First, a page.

Rat Maze - FTHS Wiki

Explain Everything Review Topics:
• Group 1: Ch 1 = approaches to the science of psychology (17-20)
• Group 2: Ch 2 = types of research methods in psychology (34-44…pick three
Group 3: Ch 3 = nervous system (61-66)
Group 4: Ch 3 = peripheral and central nervous systems (67-71)
Group 5: Ch 3 = endocrine and immune system (99-103)
Group 6: Ch 4 = vision (118-132…pick a few key parts)
Group 7: Ch 4 = chemical senses (133-138)
Group 8: Ch 5 = organizing the perceptual world (163-173…pick a few key
Group 9: Ch 7 = storing new memories (245-251)
Group 10: Ch 7 = retrieving memories (252-257)
Group 11: Ch 8 = language (309-316)
Group 12: Ch 12 = infancy and childhood cognitive development (464-473)
Group 13: Ch 12 = adolescence (494-502)
Learning: Biological & Cognitive
Biological Influence on Learning
• Can limit conditioning
• Can speed up conditioning
Morning sickness during pregnancy +
Cabo Beach Grill = ????
Taste Aversions: Why?
John Garcia’s Research (1950s)
• irradiating rats to see its effect on their
• rats didn't want to eat the things they'd been
fed shortly before being irradiated
• theorized that this was because they were
getting nauseous from the radiation
• radiated rats were conditioned to link the taste
of sweetened water with nausea and avoided
it after only ONE trial
• When there is a natural aversive (bad!) stimulus,
conditioning is immediate!
• Evolutionary advantage: prevents us from eating something
twice that might be toxic.
Keller and Marian Breland
• trained raccoons to put coins in a piggy bank
• rewarded with food for successful deposits
• worked with single coins, but when the
researchers gave a raccoon more than one
coin, the raccoon would sit and rub the coins
together instead
• by associating the coins with food, the
raccoons' natural instinct to 'wash' food by
rubbing it together was activated
• Classical conditioning was inhibited by this
natural biological response
Summary: Role of Biology in Learning
• Learning is adaptive = increases
ability to survive
• Biological influence can increase
or limit conditioning
• Animals can be trained as long as it
doesn't override their instinctive
• Once we've developed distaste for
something we associate with getting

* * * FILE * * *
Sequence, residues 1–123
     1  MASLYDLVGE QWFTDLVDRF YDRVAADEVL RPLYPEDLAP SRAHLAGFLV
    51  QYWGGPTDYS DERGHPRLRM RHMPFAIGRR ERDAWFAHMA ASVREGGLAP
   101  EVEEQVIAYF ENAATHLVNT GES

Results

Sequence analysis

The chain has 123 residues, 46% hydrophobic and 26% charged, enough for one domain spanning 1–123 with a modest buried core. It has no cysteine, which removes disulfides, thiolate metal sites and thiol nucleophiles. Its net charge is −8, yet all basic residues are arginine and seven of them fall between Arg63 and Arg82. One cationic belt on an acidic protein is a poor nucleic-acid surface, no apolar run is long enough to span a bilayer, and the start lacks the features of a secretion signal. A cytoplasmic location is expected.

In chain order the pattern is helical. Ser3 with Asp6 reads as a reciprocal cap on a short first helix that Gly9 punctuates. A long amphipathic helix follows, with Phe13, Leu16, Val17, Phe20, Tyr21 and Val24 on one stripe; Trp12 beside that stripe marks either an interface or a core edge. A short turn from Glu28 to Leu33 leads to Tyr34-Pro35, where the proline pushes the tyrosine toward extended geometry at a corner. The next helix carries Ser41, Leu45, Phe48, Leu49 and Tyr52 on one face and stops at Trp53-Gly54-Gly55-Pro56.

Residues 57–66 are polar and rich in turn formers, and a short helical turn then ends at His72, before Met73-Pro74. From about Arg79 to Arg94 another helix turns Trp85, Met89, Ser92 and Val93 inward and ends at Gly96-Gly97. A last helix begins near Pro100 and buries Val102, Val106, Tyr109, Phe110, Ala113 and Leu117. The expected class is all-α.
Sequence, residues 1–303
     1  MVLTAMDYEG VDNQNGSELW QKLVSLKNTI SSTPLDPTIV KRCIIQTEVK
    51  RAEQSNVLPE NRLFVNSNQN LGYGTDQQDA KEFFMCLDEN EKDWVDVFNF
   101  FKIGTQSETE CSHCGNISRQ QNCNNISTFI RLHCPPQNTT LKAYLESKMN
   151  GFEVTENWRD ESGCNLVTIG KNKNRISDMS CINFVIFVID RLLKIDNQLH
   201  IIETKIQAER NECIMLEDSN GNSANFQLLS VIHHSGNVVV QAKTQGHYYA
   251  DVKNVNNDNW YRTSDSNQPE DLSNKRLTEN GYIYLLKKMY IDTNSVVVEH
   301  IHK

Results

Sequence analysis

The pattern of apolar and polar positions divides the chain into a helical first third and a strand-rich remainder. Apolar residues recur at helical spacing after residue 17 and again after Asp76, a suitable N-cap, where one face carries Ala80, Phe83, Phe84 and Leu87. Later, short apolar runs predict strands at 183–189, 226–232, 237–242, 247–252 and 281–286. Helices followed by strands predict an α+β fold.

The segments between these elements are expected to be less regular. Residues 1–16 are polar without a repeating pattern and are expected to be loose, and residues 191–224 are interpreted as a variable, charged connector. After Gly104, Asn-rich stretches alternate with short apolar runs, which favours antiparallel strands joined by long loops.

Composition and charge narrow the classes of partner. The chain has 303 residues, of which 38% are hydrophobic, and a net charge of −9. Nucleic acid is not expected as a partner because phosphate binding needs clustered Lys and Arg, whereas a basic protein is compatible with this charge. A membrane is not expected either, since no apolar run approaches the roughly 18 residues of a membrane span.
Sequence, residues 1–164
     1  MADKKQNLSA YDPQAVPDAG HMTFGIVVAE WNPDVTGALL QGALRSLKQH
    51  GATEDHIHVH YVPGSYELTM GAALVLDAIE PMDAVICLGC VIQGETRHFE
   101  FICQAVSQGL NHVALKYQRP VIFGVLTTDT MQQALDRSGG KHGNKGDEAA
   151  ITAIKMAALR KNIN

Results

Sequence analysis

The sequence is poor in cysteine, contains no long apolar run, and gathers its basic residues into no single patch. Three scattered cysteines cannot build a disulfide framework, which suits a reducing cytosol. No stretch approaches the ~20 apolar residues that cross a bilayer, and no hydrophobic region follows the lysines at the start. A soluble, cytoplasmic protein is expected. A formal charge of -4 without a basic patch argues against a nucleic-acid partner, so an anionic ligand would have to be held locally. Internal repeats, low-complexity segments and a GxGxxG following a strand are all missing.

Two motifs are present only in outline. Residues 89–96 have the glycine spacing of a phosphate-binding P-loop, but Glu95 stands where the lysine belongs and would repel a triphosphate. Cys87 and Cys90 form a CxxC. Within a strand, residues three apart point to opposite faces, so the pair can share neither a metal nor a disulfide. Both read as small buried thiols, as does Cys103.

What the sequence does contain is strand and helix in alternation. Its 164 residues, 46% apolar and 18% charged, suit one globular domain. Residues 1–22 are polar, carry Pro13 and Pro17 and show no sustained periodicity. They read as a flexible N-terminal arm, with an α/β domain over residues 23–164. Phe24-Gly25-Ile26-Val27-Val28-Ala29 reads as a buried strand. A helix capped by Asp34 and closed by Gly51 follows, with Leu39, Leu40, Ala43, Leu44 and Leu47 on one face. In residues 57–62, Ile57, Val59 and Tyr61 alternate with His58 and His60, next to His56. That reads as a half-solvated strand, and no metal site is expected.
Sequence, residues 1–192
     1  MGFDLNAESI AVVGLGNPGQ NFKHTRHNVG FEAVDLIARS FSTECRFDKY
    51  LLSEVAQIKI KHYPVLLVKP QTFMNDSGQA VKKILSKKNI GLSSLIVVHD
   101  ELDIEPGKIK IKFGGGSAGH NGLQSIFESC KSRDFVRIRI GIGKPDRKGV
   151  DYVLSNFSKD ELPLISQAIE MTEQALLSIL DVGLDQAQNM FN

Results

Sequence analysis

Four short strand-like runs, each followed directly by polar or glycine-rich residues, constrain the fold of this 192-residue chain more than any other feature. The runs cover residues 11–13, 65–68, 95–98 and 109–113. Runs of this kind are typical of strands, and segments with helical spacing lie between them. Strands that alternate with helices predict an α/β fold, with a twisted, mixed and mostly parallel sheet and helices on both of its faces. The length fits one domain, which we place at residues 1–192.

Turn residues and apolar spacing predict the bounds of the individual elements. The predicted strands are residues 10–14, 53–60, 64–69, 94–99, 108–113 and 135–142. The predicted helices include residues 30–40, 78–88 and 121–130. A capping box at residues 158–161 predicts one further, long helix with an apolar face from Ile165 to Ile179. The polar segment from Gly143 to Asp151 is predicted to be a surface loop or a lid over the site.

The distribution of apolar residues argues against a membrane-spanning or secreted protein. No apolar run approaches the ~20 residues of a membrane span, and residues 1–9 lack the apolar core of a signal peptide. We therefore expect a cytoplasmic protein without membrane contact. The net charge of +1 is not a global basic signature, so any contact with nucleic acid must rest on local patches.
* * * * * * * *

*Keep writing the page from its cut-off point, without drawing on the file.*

sick, it's hard to get over it.
Cognitive Learning
• Emphasizes the role of mental
processes such as rule
formation and strategies for
goal attainment
• There are several examples of
cognitive learning:
• http://education-
Insight Learning
• Insight = acute observation
and deduction
Insight Learning as
described by Wolfgang
Kohler is a sudden
awareness of the solution
to a problem
Kohler studied chimps
Sultan the Chimp
Latent Learning
• As described by E. C. Tolman, is
learning in the absence of
apparent reward
• Not demonstrated at the time the
learning takes place
Observational Learning
• Albert Bandura described this as
learning by watching another
individual and modeling the
learned task
• Potential to be positive or negative
Learned Helplessness
• Martin Seligman
• a decrease in responding that occurs
after exposure to uncontrollable
aversive events
• A tendency to give up
Crash course review of Behavior &
• https://www.youtube.com/watch?v=128Ts5r9NRE
3-Way Match Activity
• Instructions for students:
• Those with a card with a TERM on it, move to make a large circle
around the room.
• TERM card holders will name the term on their card while all other
students listen.
• TERM cardholders will remain in their position around the room
and the other card holders will attempt a three-way match to
include the term, the definition, and a visual representation.
• Groups discuss and validate their 3-way match to ensure accuracy
• Groups present their term, the definition, and why the visual is part
of this three way match.
• Memory TED Talk: To help you prep for exams!